Music on the Steps - July 28: Celtic Machinations
Learn fast with Mango Languages
Sign up NOW for summer reading!
Stafford 350
eBooks - we've got 'em
Digital magazines from Zinio. Back issues available.
Music on the Steps - July 28: Celtic Machinations
Learn fast with Mango Languages
Sign up NOW for summer reading!
Stafford 350
eBooks - we've got 'em
Digital magazines from Zinio. Back issues available.

LibraryPoint Blog

03/28/2012 - 11:54am
Cultivating Community

Join us for our Cultivating Community Kick-off event, tomorrow night at Salem Church Library, 7pm.

Animal, Vegetable, MiracleLibrarian Wini Ashooh will present a short introduction to Barbara Kingsolver’s Animal, Vegetable, Miracle, the story of her family’s challenge to grow and buy food locally in southwest Virginia.  Books will be available for loan.

The program continues with a panel discussion about local farming and food, organic gardening, community gardening and more! 


Panelists include:

Ellen Snead, co-owner of Snead’s Asparagus Farm

Lawrence Latane -owner of Blenheim Farm – member of Local Harvest Organic Gardens

Elizabeth Borst - Manager of Spotsylvania Farmer’s Market; active in the Fredericksburg Food Initiative, and creator of the Buy Fresh Buy Local guide for Fredericksburg, Spotsylvania and King George

Wendy Stone - Fredericksburg Parks and Recreation- will talk about the Fredericksburg Farmer’s Market and the new Fredericksburg Community Garden Plots.

Kelly Liddington - Richmond County Extension Office
 

See more Cultivating Community events!

03/28/2012 - 8:43am
River Marked

I used to have an old Volvo that broke down frequently. The problem was a hose that would fly off of the engine. I always carried a screwdriver which I would use to reattach the hose and go on my way. One morning I was rushing in the door to work after one of these episodes when my supervisor stopped me. “What happened to you?” she asked with concern. I had no idea what she was talking about until I followed her eyes down to my arms and realized that my forearms were covered with black dirt and grease.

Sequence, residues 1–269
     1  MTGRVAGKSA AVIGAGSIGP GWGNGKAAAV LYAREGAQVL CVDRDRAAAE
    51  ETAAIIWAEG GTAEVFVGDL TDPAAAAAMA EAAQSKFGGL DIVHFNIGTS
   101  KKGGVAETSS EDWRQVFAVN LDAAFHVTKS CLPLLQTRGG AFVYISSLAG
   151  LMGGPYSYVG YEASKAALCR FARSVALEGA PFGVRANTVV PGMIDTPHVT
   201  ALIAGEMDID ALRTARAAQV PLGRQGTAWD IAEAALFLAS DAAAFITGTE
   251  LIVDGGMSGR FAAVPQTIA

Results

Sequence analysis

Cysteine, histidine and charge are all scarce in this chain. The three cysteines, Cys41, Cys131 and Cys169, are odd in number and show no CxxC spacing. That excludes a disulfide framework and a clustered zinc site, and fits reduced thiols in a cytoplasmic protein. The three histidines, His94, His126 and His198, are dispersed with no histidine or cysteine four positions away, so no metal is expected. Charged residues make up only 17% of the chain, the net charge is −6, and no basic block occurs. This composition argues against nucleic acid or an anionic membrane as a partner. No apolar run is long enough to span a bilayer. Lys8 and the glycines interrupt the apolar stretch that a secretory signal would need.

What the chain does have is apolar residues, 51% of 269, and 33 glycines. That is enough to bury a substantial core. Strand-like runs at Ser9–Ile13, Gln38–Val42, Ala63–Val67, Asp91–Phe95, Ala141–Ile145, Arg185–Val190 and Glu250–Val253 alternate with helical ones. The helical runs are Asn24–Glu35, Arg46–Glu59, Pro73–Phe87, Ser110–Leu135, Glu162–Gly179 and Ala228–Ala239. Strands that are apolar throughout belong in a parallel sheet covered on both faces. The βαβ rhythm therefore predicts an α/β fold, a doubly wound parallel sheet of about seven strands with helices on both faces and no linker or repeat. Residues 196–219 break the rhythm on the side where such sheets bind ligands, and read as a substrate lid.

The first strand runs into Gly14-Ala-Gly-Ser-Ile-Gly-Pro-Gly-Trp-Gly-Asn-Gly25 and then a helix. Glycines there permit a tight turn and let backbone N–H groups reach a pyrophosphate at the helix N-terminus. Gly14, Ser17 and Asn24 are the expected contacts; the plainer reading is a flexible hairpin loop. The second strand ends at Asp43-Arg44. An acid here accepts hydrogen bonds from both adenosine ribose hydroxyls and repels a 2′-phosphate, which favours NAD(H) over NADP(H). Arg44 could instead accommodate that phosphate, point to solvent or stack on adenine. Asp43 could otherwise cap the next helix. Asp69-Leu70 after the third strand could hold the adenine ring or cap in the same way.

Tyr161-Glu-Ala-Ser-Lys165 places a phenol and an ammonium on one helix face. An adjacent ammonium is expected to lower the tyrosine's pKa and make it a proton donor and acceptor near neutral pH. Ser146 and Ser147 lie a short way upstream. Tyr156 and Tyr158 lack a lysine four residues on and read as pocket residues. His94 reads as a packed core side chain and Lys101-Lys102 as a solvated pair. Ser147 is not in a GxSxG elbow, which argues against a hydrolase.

I explained about having to fix my car on the way to work, and she just stood and stared at me silently for a very awkward minute. Suddenly she burst into song! “I am woman. Hear me roar. With numbers too big to ignore. And I’ve come too far to turn back and pretend.” She turned to walk away but kept on singing at the top of her lungs. Her song only died away when she turned the corner and went down the other hall. 

Right then and there I decided to get a new car.

03/27/2012 - 3:31am
Believing Is Seeing: Observations on the Mysteries of Photography by Errol Morri

“Our beliefs do not determine what is true or false. They do not determine objective reality. But they do determine what we see.”

In Believing Is Seeing, Errol Morris investigates the complex relationship between documentary photographs and the truth we assume they deliver. Best known as the gifted documentarian behind films such as The Fog of War, Standard Operating Procedure, and The Thin Blue Line, Morris has spent years pondering how authenticity, truth, and appearance converge and complicate one another. It is hardly surprising then that Morris’s analysis of documentary photography is insightful and accessible.

Errol Morris’s cinematic explorations often fixate on a specific figure or series of events. He then breathes life into the topic by artfully combining provocative interviews and extensive research. Believing is Seeing successfully incorporates this methodology while simultaneously deconstructing the very notion of documentary veracity. The book consists of essays, each one describing a case study in which documentary photographs created controversy, conflicting interpretations, or troubling implications. Morris elucidates both the context and reception of each image with interviews and archival research.

He also analyzes both contemporary and historical images, demonstrating that many of the same issues and questions have been recurring since the advent of photography. Whether the photograph was taken in 1855 during the Crimean War or in 2003 at Abu Ghraib, our collective tendency to equate an image with a finalized truth has been problematic. To borrow Morris’s succinct phrasing, “…photographs allow us to think we know more than we really do. We can imagine a context that isn’t really there.”